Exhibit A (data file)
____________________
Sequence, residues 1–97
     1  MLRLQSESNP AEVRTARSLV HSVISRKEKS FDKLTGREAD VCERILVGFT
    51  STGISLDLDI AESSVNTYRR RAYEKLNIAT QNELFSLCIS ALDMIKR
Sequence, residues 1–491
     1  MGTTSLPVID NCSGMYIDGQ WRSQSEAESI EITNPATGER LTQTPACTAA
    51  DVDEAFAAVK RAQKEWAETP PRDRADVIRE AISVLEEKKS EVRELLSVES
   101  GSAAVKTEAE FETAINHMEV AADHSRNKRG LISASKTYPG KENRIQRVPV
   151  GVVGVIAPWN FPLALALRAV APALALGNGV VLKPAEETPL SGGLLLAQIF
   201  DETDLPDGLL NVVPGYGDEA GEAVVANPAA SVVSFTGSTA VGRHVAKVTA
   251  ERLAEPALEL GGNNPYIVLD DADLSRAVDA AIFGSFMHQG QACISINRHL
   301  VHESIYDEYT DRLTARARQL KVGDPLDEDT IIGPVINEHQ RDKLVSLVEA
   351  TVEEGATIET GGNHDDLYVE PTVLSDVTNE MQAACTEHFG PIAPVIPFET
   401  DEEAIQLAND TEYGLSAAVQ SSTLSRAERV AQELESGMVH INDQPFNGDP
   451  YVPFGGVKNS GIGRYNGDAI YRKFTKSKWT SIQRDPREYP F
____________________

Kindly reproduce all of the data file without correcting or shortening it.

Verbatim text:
Sequence, residues 1–97
     1  MLRLQSESNP AEVRTARSLV HSVISRKEKS FDKLTGREAD VCERILVGFT
    51  STGISLDLDI AESSVNTYRR RAYEKLNIAT QNELFSLCIS ALDMIKR
Sequence, residues 1–491
     1  MGTTSLPVID NCSGMYIDGQ WRSQSEAESI EITNPATGER LTQTPACTAA
    51  DVDEAFAAVK RAQKEWAETP PRDRADVIRE AISVLEEKKS EVRELLSVES
   101  GSAAVKTEAE FETAINHMEV AADHSRNKRG LISASKTYPG KENRIQRVPV
   151  GVVGVIAPWN FPLALALRAV APALALGNGV VLKPAEETPL SGGLLLAQIF
   201  DETDLPDGLL NVVPGYGDEA GEAVVANPAA SVVSFTGSTA VGRHVAKVTA
   251  ERLAEPALEL GGNNPYIVLD DADLSRAVDA AIFGSFMHQG QACISINRHL
   301  VHESIYDEYT DRLTARARQL KVGDPLDEDT IIGPVINEHQ RDKLVSLVEA
   351  TVEEGATIET GGNHDDLYVE PTVLSDVTNE MQAACTEHFG PIAPVIPFET
   401  DEEAIQLAND TEYGLSAAVQ SSTLSRAERV AQELESGMVH INDQPFNGDP
   451  YVPFGGVKNS GIGRYNGDAI YRKFTKSKWT SIQRDPREYP F